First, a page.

Most holidays and special days have certain flowers that we associate with them. Memorial Day and Veterans Day both claim the poppy.
Poppy seeds only germinate when the ground is bare and has been freshly turned. During WWI, a field full of fresh graves had produced a crop of red poppy flowers. The image of the red poppy flowers and white crosses inspired a soldier to write a poem which was published in a British magazine in 1915. The poem touched a couple of women who began making the paper poppies as a fundraiser to help widows and orphans of the fallen soldiers.
Poppy plants are also associated with the production of opium. Many people consider the opium-producing poppy and the Memorial Day poppy to be the same. One author wrongfully wrote that the same poppy that produced the narcotic also helped the victims of war.
The truth is that there are over 100 types of poppies and only three have enough opium-producing ability that they are illegal to grow. The other types of poppies shouldn't carry the stigma that the opium poppy is burdened with. They are beautiful and easy to grow. Flower colors range from purple to pink to deep red. They have all types of flower shapes. Poppies attract birds, bees, and beneficial insects. Most are annuals and are excellent at reseeding themselves.
The corn poppy (Papaver rhoeas) is the recognized Memorial Day poppy and is also known as the field poppy. Iceland poppies have flowers that can be up to three inches in diameter. The Oriental poppy is a perennial and has big flowers on four-foot tall stems.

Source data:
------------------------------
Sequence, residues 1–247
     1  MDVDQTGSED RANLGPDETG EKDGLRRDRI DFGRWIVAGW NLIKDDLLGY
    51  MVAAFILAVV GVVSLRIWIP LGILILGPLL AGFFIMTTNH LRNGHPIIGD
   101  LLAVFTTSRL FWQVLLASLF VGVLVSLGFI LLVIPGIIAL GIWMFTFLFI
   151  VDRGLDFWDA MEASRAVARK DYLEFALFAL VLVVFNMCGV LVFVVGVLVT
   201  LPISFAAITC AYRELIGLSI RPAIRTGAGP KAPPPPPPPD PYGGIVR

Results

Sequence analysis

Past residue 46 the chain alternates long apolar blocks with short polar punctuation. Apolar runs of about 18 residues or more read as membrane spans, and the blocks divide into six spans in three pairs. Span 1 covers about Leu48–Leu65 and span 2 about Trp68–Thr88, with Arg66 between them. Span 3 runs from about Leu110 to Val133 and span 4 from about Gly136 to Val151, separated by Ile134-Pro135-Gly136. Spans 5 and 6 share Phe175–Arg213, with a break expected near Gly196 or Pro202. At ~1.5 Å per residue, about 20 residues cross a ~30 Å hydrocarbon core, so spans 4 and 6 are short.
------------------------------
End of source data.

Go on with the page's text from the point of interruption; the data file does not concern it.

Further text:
Memorial Day ceremonies are much older than the Poppy Association. There are many stories as to the actual beginning of Memorial Day. There is evidence that organized women's groups in the South were decorating graves before the end of the Civil War. Waterloo, New York, was officially declared the birthplace of Memorial Day by President Lyndon Johnson in May 1966.
Memorial Day was first officially proclaimed on May 5, 1868, by General John Logan, national commander of the Grand Army of the Republic, and was first observed on May 30, 1868. Flowers were placed on the graves of Union and Confederate soldiers at Arlington National Cemetery. By 1890 it was recognized by all of the northern states. The South refused to acknowledge the day, honoring their dead on separate days until after World War I.
Several southern states have an additional separate day for honoring the Confederate war dead: Jan. 19 in Texas; April 26 in Alabama, Florida, Georgia, and Mississippi; May 10 in South Carolina; and June 3 in Louisiana and Tennessee.
Roger Williams is an agriculture educator for the Oklahoma Cooperative Extension Service in Cherokee County.